In Jesus’ worldview, he laid to waste the fallacies of Platonic dualism that exist in our modern era and that presume the earth or the body or anything earthly is less spiritual than the mind, the spirit, or things more abstract. To Jesus, as it should be to us, the earth is wholly spiritual, as are our bodies.

Earth out of balance

If we remove the influence of Platonic dualism from our worldviews, we will find it difficult to view human beings as being over all other parts of creation. Instead of a relationship where nature is below us, we should be stewarding with, or co-sustaining, all creation.

Each area of creation is working with the Creator to maintain earth’s balance. The rain and snow, oceans and sun all sustain life on earth. Animals regulate each other within their various natural cycles. Plants provide oxygen, food, and shelter for all of creation to coexist together. As human beings, we are co-sustainers with the rest of creation to ensure the abundant life for all creation the Creator intended. And God said that is good.

When considering our relationship to the earth, Christians will recognize that Jesus is earth’s creator and sustainer (John 1, Colossians 1, Hebrews 1), and we simply cooperate with him in these tasks. Our job, as humans and as Christians, is to maintain the natural balance God set forth through Christ.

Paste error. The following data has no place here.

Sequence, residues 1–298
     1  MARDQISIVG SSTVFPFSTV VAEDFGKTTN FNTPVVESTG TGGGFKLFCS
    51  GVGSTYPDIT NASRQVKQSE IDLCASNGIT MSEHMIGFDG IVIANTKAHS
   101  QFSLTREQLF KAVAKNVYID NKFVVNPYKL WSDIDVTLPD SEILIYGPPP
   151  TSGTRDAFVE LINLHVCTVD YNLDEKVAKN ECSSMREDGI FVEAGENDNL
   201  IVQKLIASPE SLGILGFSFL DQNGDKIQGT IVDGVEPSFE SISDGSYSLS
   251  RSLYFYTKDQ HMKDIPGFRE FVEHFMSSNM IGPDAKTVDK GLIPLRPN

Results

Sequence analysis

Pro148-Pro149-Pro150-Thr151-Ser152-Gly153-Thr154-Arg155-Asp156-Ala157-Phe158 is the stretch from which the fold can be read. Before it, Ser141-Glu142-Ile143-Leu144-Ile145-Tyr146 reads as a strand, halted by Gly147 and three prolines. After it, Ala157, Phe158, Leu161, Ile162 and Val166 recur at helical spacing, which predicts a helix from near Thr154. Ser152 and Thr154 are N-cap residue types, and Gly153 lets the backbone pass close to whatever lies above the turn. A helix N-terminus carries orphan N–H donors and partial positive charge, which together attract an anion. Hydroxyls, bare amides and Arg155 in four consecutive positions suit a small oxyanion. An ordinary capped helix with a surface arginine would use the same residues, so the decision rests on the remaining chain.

Unfortunately, things are out of balance. By allowing past and current exploitation of the earth and earth’s resources, we are now reaping the consequences via the current climate catastrophes. Earth’s topsoil is disappearing; coral reefs are dying; glaciers are melting; aquifers are not being recharged; animal, bird, fish, and plant species are dying at exponential rates. We are experiencing a steadily increasing amount of severe weather patterns through hurricanes, flooding, tornadoes, forest fires, landslides, droughts, and snowstorms—and the costs of these disasters continue to rise progressively each year, into the hundreds of billions of dollars. Earth is out of balance, and as a result all God’s creation is in peril.

The road to restoration

Christians have evaded the responsibility of earth-care, due largely to the adoption and influence of a worldly philosophy. By ignoring the earth’s problems, are we not responsible for dismissing the things important to Jesus in favor of our own selfish interests?

Indigenous Peoples have historically been condemned because we view our relationship with the earth to be very sacred. Like Jesus, Indigenous Peoples understand their relationship with creation as paramount to the abundant life God intends for all humanity. In other words, to be human is to care for creation. If we want to live our lives together in abundance and harmony, and if we want future generations to live their lives together this way, we must realize we are all on a journey together with Christ to heal our world. Earth healing will take cooperation from all of us to solve the problems.